Experimental triaxial testing of swelling gouge materials
Journal article, Peer reviewed
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Original versionBulletin of Engineering Geology and the Environment. 2019, 1-16. 10.1007/s10064-019-01547-6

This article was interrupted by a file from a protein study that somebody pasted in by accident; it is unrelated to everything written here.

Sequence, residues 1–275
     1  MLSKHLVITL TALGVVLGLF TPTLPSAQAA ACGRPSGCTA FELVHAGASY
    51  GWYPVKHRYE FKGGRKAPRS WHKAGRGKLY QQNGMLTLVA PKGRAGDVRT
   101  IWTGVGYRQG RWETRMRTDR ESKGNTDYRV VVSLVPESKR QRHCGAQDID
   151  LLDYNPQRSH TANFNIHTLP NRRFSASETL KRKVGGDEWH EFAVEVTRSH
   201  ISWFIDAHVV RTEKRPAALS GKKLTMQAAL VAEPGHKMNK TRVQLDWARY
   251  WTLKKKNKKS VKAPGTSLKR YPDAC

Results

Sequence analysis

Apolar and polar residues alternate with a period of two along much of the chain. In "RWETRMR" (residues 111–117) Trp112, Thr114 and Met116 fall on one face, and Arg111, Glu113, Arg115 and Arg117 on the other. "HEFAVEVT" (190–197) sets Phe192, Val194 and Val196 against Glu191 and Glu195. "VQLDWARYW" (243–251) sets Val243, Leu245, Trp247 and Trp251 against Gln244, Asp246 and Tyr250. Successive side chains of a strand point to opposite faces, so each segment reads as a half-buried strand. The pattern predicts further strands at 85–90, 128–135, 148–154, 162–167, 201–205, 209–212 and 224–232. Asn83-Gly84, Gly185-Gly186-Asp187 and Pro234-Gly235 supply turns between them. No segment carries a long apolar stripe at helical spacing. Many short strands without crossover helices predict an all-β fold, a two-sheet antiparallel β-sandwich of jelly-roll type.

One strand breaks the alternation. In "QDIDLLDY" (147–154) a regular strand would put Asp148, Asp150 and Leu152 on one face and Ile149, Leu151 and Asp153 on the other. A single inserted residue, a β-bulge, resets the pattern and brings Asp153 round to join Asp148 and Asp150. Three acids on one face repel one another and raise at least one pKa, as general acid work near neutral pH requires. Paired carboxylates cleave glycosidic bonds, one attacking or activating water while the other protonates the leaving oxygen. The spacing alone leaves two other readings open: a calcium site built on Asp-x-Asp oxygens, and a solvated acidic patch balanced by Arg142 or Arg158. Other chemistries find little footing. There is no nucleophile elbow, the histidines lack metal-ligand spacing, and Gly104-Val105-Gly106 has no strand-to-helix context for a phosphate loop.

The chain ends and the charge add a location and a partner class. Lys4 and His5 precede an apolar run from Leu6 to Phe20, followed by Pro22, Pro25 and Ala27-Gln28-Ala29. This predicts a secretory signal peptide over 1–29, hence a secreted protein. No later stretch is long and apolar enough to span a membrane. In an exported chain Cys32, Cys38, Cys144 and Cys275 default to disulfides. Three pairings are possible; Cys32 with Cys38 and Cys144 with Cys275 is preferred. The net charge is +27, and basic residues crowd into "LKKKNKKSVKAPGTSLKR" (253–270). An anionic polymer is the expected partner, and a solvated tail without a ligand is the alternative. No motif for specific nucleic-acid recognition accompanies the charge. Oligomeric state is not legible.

Adequate rock support in weakness zones that may contain swelling minerals poses one of the main challenges of excavating tunnels in hard rock conditions. Deformations under such conditions are influenced by several factors, including the properties of the rock mass, rock stress and the possible swelling potential of the minerals. Thus, dimensioning rock support may be challenging. To increase the knowledge regarding the processes behind deformations in areas of swelling gouge material, an experimental triaxial laboratory test of such material was performed. The main objective was to investigate whether the material might exert pressure under typical in situ stress conditions, or whether other processes might be dominant. In addition, the possible elastic and strength properties of such material were investigated. The testing was performed on reconstituted cores with material from four different locations in eastern Norway. The material was dried and then pressed into cores using a compactor. The triaxial testing consisted of four successive phases: pre-stressing 1; water addition under constant strain; pre-stressing 2 and failure. The results indicate that factors other than swelling pressure are the main causes of tunnel deformation, as no build-up of swelling pressure was observed during the water addition phase. Initially, the E-modulus and strength properties of the samples were very low, which can cause large, immediate deformations in situ. In addition, creep and possibly a reduction in the Emodulus during water addition seemed to cause time-dependent deformation.